The year 1900 began in Georgia with ice and snow sweeping much of the state, along with a debate about whether the year marked the beginning of a new century or the last year of an old one.
Among forerunners of those today who insist that the year 2000 will be the last year of the millennium -- since there was no year zero -- was The Atlanta Constitution.
"We have come, hot foot, upon another New Year the like of which none who read these lines will ever see again. It is a new year, and yet it is the oldest and the last year of the nineteenth century. One year from today, we shall be celebrating the first day of the first year of the twentieth century of the Christian era," The Constitution editorialized on Jan. 1, 1900.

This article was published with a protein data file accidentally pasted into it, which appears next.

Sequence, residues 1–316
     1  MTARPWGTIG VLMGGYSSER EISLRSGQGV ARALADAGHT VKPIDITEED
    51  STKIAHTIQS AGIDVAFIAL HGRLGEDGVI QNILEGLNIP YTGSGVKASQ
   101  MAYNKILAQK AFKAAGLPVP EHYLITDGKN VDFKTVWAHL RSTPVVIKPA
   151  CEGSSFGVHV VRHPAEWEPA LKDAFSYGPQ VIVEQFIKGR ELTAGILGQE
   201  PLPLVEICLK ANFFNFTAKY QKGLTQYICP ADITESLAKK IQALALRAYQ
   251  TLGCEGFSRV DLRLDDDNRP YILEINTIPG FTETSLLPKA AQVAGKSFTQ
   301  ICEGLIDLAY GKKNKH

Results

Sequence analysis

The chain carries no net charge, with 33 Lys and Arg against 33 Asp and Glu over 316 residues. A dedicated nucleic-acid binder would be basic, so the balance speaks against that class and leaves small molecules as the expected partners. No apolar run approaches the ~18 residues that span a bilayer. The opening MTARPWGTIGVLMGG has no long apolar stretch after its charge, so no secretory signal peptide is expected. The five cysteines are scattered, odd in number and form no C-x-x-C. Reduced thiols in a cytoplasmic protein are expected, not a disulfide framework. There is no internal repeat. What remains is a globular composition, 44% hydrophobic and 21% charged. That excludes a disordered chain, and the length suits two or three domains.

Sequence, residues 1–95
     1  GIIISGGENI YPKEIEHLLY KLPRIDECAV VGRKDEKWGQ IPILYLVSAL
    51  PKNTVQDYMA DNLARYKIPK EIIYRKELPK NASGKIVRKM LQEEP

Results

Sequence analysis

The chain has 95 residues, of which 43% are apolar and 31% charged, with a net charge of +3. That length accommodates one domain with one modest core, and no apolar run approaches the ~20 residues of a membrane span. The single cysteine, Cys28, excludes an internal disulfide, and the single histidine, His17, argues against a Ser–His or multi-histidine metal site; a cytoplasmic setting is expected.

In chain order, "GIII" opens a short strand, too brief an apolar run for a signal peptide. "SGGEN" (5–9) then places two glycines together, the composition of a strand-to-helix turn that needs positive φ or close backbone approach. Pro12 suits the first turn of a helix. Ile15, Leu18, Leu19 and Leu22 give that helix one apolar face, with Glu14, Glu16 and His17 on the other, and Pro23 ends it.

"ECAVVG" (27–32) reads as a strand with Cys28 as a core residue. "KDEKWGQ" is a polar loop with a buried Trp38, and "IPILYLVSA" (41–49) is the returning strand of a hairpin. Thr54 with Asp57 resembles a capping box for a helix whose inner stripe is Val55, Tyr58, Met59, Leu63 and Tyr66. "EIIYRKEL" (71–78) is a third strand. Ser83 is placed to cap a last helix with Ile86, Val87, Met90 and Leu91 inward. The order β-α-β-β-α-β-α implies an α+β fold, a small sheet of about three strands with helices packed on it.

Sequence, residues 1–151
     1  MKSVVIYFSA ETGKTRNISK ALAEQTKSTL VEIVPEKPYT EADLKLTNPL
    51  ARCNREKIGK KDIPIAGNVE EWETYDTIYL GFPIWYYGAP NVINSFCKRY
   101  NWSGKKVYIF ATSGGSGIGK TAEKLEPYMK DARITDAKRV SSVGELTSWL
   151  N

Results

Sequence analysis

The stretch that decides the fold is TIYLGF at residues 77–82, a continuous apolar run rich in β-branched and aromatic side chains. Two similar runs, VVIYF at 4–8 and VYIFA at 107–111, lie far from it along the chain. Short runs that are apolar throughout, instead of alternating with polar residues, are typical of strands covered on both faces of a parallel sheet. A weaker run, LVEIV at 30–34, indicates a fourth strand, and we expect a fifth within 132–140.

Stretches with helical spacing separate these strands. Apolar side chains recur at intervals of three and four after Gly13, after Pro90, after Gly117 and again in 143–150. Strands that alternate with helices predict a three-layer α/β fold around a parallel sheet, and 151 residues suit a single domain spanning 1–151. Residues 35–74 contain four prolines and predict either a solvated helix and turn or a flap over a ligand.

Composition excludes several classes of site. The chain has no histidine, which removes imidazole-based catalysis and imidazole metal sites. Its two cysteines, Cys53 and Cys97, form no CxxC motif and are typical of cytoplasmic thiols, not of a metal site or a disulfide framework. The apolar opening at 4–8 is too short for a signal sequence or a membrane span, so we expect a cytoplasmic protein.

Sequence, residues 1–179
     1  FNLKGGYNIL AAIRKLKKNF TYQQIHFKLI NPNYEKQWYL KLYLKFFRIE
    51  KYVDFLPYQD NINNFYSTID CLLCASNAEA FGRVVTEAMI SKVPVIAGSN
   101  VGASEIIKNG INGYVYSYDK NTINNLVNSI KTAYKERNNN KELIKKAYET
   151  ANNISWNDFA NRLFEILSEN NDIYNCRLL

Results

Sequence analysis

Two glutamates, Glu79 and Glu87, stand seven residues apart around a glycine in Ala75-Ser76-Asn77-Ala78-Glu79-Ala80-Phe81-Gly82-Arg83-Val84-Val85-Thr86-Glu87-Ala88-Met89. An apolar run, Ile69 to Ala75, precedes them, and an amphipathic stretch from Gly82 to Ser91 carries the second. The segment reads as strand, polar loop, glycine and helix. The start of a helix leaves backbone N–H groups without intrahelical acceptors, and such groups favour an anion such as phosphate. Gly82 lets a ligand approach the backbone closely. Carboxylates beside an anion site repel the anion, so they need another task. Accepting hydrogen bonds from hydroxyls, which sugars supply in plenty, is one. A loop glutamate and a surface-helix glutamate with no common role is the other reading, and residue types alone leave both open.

A news account elsewhere in The Constitution that day wasn't as definite.
"Not in the memory of living man has the coming of a new year been heralded with so much discussion. The end of the century question for weeks and months has occupied to the practical exclusion of other topics the attention of men of all classes and conditions. ..."
The topic provided the basis of an advertisement for Eiseman Brothers clothiers: "Is this the 20th Century? Quite a perplexing question."
However, the ad went on, "it requires no great amount of reason" to determine that Eiseman Brothers was the place to shop for the New Year.